The Changing Face of Islam in Kurdistan


BY HANNAH LYNCH


This article was first published by Rudaw and is reposted here.

 

ERBIL, Kurdistan Region — “We Muslims have a lot of problems with our religion, for a lot of reasons,” the words of Sanger Najim, a young man living in Erbil, echo the sentiments of a growing population in the Kurdistan Region who struggle with questions about their faith.

Many Muslims are confronted by the violent extremism of the Islamic State (ISIS) and wonder how to reconcile their personal beliefs with the actions of the extremist group. 

The Kurdish population is approximately 94% nominally Muslim. Recently, however, there have been many reports of Kurds leaving Islam or converting to other religions. 

The Zoroastrian movement claims to have as many as 100,000 followers in Iraqi Kurdistan. Christian organizations assert that thousands in the region have been seeking out Christianity as they reject ISIS’ interpretation of Islam. There are also reports of growing numbers of atheists and agnostics. 

These claims could not be confirmed by the Kurdish Ministry of Endowments and Religious Affairs. Mariwan Naqshbandi, the ministry spokesman said that they do not publish figures of people who convert from one religion to another.

Many blame ISIS for this rejection of Islam. 

“Daesh (ISIS) appeared, they kill people and they said they are Muslims, but actually not. This… leads to an increase of the idea that Islam is the base of Daesh,” said Avein Abdul-Rahman. She, however, believes that ISIS’ practice of Islam is wrong and that Islam is a religion of peace.

Others have completely abandoned Islam and religion altogether.

“I am an atheist,” says Mohammad, a young Kurdish man in Erbil who declined to give his full name for personal reasons. 

“I think the tipping point and the moment it all got loose was when Islamic State overran Shingal,” Mohammad argued. “When I first heard about the cases of enslavement of non-Muslim Kurdish women, Yezidi women, I knew that it is allowed in Islam to do that. It’s not only allowed, it is promoted.”

Mohammad went on to say that that the extremism of ISIS such as beheading, stoning of women and cutting off a thief’s hand are sanctioned in the Koran.

This assertion however, is strongly dismissed by the head of the Kurdish Union of Islamic Scholars, Mullah Abdulla who argues that violence is the work of non-believers. 

“Clearly, ISIS is a terrorist political group,” he told Rudaw. “They never represent true Islam. Their disgusting behaviour is distant from the notion of Islam because a nationalist, religious and patriotic Muslim cannot be labeled as a terrorist. Whoever resorts to violence is counted as a non-believer because he or she is doing Islam more harm than good.”

The disillusionment with Islam is a spike in a gradual movement that rejects all organized religion that has been happening over decades, according to Dr. Muslih Irwani, professor of sociology at the American University of Kurdistan in Duhok. 

“The majority of people are, now I see from a sociological perspective… they are losing their faith,” Dr. Irwani says. “Some elements of their religion, they no longer believe in those. This is a change over time.”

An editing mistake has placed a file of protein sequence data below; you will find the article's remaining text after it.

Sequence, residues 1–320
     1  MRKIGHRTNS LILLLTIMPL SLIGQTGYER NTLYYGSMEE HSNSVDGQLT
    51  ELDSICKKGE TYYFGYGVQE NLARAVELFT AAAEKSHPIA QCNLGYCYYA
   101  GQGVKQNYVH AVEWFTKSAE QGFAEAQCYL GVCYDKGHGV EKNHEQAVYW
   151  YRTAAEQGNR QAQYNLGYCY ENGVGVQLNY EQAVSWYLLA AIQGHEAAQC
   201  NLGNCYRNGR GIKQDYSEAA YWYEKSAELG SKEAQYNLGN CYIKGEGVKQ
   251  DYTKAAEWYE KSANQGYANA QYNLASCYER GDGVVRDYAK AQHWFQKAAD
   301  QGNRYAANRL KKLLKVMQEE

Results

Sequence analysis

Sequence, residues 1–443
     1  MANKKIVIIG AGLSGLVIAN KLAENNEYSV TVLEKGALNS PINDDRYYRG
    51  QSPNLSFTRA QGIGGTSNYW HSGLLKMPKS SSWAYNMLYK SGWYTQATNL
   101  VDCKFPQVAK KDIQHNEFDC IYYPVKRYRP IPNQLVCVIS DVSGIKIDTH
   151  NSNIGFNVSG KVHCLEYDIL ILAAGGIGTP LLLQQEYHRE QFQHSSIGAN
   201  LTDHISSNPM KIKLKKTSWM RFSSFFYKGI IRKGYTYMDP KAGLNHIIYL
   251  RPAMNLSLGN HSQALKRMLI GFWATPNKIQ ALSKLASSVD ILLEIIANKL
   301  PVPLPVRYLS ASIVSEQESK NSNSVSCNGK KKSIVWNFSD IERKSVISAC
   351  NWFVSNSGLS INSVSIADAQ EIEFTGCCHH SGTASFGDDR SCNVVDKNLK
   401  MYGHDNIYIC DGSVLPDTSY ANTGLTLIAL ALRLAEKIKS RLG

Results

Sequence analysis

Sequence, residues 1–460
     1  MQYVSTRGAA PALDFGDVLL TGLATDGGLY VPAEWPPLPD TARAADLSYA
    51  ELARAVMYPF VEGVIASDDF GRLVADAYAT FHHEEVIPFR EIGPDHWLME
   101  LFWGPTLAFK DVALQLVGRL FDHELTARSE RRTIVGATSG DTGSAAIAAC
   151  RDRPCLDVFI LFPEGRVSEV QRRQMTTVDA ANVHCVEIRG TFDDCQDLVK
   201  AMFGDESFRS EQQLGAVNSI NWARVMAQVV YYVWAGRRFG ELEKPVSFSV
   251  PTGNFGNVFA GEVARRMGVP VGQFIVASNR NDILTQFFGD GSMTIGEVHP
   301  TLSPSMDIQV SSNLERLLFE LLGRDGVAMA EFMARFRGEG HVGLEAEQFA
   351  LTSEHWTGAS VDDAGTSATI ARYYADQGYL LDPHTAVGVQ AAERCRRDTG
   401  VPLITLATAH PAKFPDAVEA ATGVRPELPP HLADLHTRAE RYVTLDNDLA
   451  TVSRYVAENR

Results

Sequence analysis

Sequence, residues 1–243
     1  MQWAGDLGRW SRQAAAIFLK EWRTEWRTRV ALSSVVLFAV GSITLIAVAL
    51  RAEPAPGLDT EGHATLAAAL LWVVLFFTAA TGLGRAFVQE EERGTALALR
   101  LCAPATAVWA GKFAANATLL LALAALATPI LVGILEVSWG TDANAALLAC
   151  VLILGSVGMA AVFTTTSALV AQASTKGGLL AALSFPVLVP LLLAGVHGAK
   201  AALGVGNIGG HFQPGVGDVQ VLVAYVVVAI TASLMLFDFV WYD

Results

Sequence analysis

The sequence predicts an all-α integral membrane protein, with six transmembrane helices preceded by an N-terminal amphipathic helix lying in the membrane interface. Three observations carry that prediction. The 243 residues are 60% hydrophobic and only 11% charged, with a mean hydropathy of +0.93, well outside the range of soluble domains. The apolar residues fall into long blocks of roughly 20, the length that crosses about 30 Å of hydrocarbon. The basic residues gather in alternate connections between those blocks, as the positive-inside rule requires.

Dr. Irwani believes it is natural in the evolution of society for people’s religious convictions to wane. “People are losing their faith but not converting to other religions,” he explains. “They want to get rid of religion… or lighten their beliefs in some aspects that they no longer believe in. They are keeping their mind at peace, saying, okay, still I am Muslim but I don’t believe in this, this, this.”

He uses birth control as an example of this loosening of the ties to religion. “Thirty years ago, people were not keen to control birth in the family. But now they are practicing and they are not seeing it as something against their religion. So this is a change in their belief.”

Dr. Irwani agrees that the emergence of ISIS has led to an upsurge in people questioning their commitment to their faith. “ISIS affected some people at least to revise their loyalty to religion, their affiliation to religion,” he explains. “They think that it’s like salt, if you put extra, it will affect your health, it’s bad for your health.”

Najim points the finger of blame at religious leaders for the rise of extremism and growing number of people turning away from Islam.

“We don’t have [a] response when people from [the] West [are] telling us that Islam is cruel, Islam is Daesh. We don’t have a response for this. Why? The Mullahs never tell us what real Islam is. They are just reading us some history facts. They are just telling us some history… from old times. They are not able to link it with present society… They have to link Quran with the real life.” 

Mullah Abdullah disagrees, saying that Kurdish academics and clerics have all played their part in raising awareness among the youths to refrain from ISIS.

Some believe that the solution is to promote a Kurdish version of Islam, which Naqshbandi said is part of KRG’s plan to combat extremism.

"A number of Islamic ideologies were brought into Kurdistan. They do not represent true Islam,” says Naqshbandi. “Their radical ideology is incompatible with the tolerant culture of Kurdish society. For example, there was nothing called Salafism in Kurdistan before 1991, but there was Sufism, and people were being educated… in a moderate way."

The roots of Islam are strong in Kurdistan and, even for those who do not believe or practice the religion; it still plays a role in their lives. But others like Mohammed, who grew up in a religious family and whose father is an imam, have had their own revelation. 

“I came to a point where I had to make a choice. I said, this can’t be my religion. And obviously, at that moment, I said it’s not. It’s never been mine,” he said.